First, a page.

Perhaps the main reason why I love the web is that I believe it diminishes power unbalance by guaranteeing easier access to information to a larger slice of the population.
In fact, I could argue that most power relationships are a direct or indirect consequence of different level of access to information.
After hearing from Eli Pariser, both on YouTube and in class, I am still very much convinced of the potential of the web (as much as he is), but I share his preoccupation that the direction that the web is taking might foster what some call Cyberbalkanization, defined on Wikipedia as “the division of the world wide web into sub-groups with specific interests, to the extent that a sub-group’s members almost always use the web to communicate or read material that is only of interest to the rest of the sub-group”.
But let me go back to the issue of different levels of access to information first.
I recently had a discussion as to whether most politicians really have an interest in leading a more aware, intelligent and educated population or whether they prosper when people are fairly ignorant.
For me “educating” someone means giving her the tools to judge things as thoroughly and critically as possible. It doesn’t mean imposing (or dryly teaching) ideas, but provide the instruments to come up with always better views and initiatives. In my mind, an educator should feel proud only when his pupil has surpassed him.
While politicians might not have an interest in having people completely ignorant or stupid, for most politicians there is no real incentive in having very aware and intelligent electorate.
In other words, for the incapable politician, there is only to prosper in a world of ignorance. Obviously the rare capable politician prospers only in a world of knowledge.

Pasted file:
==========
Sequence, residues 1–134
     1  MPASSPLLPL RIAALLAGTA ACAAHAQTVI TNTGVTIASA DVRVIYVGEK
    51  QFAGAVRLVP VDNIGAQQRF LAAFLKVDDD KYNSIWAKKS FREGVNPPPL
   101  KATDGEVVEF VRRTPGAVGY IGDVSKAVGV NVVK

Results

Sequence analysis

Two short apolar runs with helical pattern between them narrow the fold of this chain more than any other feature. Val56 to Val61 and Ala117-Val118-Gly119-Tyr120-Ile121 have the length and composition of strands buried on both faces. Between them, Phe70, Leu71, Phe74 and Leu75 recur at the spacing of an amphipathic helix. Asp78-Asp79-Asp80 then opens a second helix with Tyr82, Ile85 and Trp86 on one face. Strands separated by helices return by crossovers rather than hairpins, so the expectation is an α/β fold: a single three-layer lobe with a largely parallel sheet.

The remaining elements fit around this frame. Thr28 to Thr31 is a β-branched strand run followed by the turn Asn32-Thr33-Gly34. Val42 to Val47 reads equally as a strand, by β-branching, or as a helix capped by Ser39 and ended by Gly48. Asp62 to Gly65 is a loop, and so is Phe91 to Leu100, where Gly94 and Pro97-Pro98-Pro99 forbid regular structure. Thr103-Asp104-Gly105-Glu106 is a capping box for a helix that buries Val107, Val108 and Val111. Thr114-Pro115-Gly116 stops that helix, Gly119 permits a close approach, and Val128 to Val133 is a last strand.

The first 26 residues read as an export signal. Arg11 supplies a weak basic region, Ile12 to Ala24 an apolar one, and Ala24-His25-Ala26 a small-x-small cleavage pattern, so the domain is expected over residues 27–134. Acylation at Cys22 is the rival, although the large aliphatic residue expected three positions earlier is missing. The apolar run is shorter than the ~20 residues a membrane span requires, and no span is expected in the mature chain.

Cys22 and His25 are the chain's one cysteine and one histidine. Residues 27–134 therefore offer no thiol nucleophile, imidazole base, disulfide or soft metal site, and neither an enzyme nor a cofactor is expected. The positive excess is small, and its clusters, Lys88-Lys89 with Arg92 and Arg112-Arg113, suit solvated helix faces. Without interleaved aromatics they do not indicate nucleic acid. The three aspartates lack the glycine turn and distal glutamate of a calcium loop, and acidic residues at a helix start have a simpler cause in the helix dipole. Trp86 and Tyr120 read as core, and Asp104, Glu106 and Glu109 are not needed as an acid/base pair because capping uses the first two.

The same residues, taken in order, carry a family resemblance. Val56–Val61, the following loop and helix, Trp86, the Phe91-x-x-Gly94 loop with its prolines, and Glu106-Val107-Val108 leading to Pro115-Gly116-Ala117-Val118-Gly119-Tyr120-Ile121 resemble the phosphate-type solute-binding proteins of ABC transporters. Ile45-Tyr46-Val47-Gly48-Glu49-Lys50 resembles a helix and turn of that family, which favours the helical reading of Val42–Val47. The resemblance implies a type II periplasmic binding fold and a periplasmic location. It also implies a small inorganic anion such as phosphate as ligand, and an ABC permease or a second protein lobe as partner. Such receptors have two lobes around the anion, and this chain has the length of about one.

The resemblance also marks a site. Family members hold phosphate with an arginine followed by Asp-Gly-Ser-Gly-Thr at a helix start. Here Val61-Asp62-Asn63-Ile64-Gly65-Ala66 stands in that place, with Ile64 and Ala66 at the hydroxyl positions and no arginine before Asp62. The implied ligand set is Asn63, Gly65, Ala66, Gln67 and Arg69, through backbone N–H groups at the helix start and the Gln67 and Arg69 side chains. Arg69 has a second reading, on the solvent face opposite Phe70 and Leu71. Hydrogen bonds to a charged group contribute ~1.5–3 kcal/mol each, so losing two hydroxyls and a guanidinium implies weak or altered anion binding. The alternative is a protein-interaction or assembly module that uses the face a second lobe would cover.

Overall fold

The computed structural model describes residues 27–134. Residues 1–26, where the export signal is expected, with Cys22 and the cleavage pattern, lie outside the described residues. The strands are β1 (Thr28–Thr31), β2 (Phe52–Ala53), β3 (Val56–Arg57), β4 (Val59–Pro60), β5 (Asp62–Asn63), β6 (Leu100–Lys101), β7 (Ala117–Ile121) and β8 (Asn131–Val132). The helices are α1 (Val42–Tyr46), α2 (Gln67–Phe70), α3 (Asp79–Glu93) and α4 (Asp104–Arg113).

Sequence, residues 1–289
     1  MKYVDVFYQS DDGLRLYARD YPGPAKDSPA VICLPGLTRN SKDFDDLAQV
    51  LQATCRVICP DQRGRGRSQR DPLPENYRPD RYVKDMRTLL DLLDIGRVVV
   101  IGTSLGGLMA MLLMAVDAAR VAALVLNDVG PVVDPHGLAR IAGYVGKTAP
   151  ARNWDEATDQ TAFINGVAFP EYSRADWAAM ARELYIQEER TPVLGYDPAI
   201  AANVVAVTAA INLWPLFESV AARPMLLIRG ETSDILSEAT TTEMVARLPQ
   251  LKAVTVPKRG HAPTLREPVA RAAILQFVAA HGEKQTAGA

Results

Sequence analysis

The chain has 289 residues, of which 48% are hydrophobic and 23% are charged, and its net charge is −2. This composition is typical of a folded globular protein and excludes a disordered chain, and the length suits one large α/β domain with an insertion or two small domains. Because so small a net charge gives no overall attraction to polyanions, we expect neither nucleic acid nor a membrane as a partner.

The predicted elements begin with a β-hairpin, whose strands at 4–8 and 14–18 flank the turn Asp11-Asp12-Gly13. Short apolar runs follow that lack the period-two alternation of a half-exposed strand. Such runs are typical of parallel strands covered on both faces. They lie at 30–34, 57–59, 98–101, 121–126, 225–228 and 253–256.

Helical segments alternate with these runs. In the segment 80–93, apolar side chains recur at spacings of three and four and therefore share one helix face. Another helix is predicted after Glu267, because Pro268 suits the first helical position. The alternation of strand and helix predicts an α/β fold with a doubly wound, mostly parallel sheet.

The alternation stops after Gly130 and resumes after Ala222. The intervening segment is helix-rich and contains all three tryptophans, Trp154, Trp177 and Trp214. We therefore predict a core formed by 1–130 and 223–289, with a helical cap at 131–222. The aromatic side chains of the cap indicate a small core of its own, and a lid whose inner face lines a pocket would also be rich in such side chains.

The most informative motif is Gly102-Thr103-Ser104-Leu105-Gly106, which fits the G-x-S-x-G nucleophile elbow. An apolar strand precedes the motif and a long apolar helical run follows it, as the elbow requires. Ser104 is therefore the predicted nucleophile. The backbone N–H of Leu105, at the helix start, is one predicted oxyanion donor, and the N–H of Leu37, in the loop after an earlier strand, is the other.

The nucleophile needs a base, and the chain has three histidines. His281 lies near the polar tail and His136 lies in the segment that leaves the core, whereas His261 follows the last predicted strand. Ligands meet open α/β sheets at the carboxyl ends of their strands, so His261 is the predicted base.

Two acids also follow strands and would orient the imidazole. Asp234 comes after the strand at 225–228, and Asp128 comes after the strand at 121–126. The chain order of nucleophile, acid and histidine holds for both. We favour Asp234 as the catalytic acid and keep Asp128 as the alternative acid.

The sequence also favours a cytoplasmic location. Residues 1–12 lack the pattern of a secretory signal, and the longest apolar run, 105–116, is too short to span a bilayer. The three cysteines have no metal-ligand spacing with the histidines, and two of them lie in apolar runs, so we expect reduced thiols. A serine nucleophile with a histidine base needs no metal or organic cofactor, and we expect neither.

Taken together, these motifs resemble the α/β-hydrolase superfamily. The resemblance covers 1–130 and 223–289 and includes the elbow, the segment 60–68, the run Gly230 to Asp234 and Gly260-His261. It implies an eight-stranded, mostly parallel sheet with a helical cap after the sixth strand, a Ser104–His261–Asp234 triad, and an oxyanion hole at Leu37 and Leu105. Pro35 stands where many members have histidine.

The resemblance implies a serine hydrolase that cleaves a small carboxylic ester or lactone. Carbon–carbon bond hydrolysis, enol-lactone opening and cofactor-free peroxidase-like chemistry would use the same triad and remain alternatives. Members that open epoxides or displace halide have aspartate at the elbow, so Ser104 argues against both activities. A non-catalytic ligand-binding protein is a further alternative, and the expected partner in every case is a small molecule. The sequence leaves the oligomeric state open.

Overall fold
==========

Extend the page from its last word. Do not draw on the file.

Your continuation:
This is why I really like the idea of the web making people more aware and ultimately politicians more accountable.
A web that gives the instruments to judge, without judging anything or anyone. A web where true politics, that of ideas, could be rediscovered.
So let’s now go back to Eli Pariser’s comments on what he calls the “filter bubble” or cyber-balkanization.
Without you noticing, algorithms decide what you are more inclined in watching or reading, what people you would agree more with, etc… This is what happens for example with Facebook newsfeed or with Google search. These are certainly very effective and well studied tools and they make the information you see more relevant. In the words of sociologist Mark Granovetter, “Our acquaintances—not our friends—are our greatest source of new ideas and information. The Internet lets us exploit the power of these kinds of distant connections with marvellous efficiency”.
Eli Pariser noticed that, despite trying hard to befriend on Facebook people who would not share his political opinion, he would still get a newsfeed that reflected his own ideas.
While it is certainly pleasant to know that in the world there are other people who think like you as this might make you feel less of a lonely wolf, I remember Oscar Wilde’s “When people agree with me I always feel that I must be wrong”.
Indeed, it is certainly enriching to find out about different people’s opinions. They make you wonder whether you should reconsider what you had given for granted and they help you making your ideas stronger and more consistent.
While when we watch a biased TV show, we are more or less aware of its bias or political orientation, this is not true with Internet algorithms: we don’t see them!
These tools will certainly be very efficient in helping us find the film we are more likely to enjoy or the restaurant that best fulfill out culinary tastes, but it could go against our intellectual enrichment.
Don’t get me wrong.
I still believe the web provides a way better alternative for people to inform themselves and I still believe it makes the politicians more accountable. I still have very high hopes for the web.
But power is definitely going to those who, in Jaron Lanier’s words, are “close to the servers”.
While a certain degree of standardization (i.e. a common platform such as Facebook) has many positive aspects and definitely facilitates interactions and exchange of opinions, we must make sure it won’t end up standardizing opinions as well.
I’m an optimist, for the simple reason that, while I always keep in mind the image of the Utopian world I want to live in, I’m aware that this Utopia can only be reached through gradual improvements.
The web represents an improvement. A great one I should say.
Now it’s up to us to make it the precursor of that “dream-world” for which it was conceived.